We are halfway through Leviticus; it is time to see what we have learned! Take this quiz with your friends and compare answers. Do you have what it takes to be a Leviticus Priest?
Chapters 13 and 14: The Laws of Leprosy
As fate would have it, I cut my hand last week while moving a bookshelf into my room. Although I cleaned the wound and covered it with a bandage, the bandage fell off during the day and the gash had to take on a yellow color by nightfall. It hasn’t healed yet and I’ve begun to worry; what if this is a leprosy? What would I do? How would I even know?
Chapter 12: The Miracle of Life
Anyone who is pregnant or considering giving birth should consult these Childbirth Reminders!!
Chapter Eleven: Clean and Unclean animals.
If you are like me, you have questions about what you can and can’t eat. Can I eat Ostrich? What about Salmon? Which is the appropriate bug to eat – a grasshopper or a locust? Why?
Chapter 11 gives us two sets of information regarding which animals we are allowed to eat and which are deemed unclean and detestable: The General Rules and a some Specific Lists.
Chapter Five: Fraud, uncleanliness and other minor offenses
In chapter four, we learned the basic rule of atonement: You break a commandment, you must atone for it. It usually involves sacrificing a sheep, unless everyone in the community breaks a commandment, in which case you sacrifice a bull. Kill a man? Sacrifice a sheep. Steal from your neighbor? Sacrifice a sheep.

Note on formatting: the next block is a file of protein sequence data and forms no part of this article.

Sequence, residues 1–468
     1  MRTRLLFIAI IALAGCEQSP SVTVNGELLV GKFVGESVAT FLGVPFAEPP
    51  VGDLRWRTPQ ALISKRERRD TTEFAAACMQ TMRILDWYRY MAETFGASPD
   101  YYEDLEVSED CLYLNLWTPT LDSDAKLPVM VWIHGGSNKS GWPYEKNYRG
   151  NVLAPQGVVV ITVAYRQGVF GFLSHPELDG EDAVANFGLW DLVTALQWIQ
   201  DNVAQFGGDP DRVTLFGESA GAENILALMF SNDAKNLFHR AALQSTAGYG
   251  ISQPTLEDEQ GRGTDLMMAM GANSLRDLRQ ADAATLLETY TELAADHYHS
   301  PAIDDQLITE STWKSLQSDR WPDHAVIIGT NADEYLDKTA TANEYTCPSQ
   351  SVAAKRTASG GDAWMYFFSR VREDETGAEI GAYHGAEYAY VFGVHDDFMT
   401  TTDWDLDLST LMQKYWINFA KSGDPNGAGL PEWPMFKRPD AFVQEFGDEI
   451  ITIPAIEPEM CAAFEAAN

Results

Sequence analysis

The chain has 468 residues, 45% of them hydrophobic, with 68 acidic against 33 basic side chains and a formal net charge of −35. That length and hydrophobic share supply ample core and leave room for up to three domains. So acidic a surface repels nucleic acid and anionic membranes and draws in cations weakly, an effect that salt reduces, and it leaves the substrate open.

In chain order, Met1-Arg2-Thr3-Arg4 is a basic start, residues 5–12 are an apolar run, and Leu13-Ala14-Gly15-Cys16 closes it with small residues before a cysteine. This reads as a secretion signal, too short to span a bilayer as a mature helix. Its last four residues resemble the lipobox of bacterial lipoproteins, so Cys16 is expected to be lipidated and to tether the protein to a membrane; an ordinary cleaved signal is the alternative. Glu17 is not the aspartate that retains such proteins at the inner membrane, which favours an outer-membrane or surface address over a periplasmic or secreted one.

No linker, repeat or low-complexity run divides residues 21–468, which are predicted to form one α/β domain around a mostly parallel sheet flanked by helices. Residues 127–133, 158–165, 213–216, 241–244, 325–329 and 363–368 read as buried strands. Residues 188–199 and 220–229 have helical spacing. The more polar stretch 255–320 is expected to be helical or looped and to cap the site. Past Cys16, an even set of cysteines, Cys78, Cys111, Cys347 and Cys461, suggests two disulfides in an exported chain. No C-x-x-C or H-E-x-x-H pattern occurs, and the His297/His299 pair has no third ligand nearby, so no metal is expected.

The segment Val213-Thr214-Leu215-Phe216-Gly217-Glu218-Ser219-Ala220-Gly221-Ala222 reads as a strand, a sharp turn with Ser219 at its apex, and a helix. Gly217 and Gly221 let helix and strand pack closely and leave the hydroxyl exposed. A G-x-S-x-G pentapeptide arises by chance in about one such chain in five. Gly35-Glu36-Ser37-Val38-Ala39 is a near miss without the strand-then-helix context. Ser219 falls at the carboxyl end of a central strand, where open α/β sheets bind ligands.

But what if you break a commandment without knowing it? What if you commit a crime not covered under the commandments, like defrauding a neighbor or touching a pig?
Chapter Four: What to do if someone breaks a commandment
What do you do when someone breaks a commandment? Sacrifice an animal, of course! But pay attention! According to Leviticus, Chapter Four, the price for breaking a commandment is different depending on who does the commandment breaking.
Chapters one through three of Leviticus deal primarily with ritual sacrifice. Have you ever broken a commandment? As it turns out, you can be forgiven for your sin if you sacrifice an animal. No need for prayers or apologies! But how should you go about sacrificing your animal? What if you intend to eat the animal? What about sacrificing a bread product instead? Leviticus provides the binding, divine answers to all of these questions!
Last week I hosted a showing of the Broadway musical Rent for my 11th grade music class. Rent tells the story of eight New Yorkers whose lives become connected during the AIDS epidemic in the late 1980s. It addresses several hot-button themes including drug use, homosexuality, homelessness, HIV and gentrification. It’s an OK movie. The students like the drama and I like some of the songs.
For the first hour of the video, the class had been largely sympathetic to the plight of the main characters, even when one of the male characters showed up dressed in a Mrs. Claus costume. But when the two gay characters, Angel and Collins, share their first and only man kiss, an 11th grade boy, who had remained silent for the first hour of the video, shouted “Ohhh! Ohhhhh! That is just wrong!”
The class erupted, some voicing support and others disgust at what they’d just witnessed.
I said: “You live in New York in 2010. You’ll all need to get used to that.”
The boy who spoke out said “A man should not kiss another man!” Upon further pressing he said: “It’s in the Bible. It’s in all the bibles.”
“All the bibles?” I asked.
“Yea. It’s in the Koran, too.”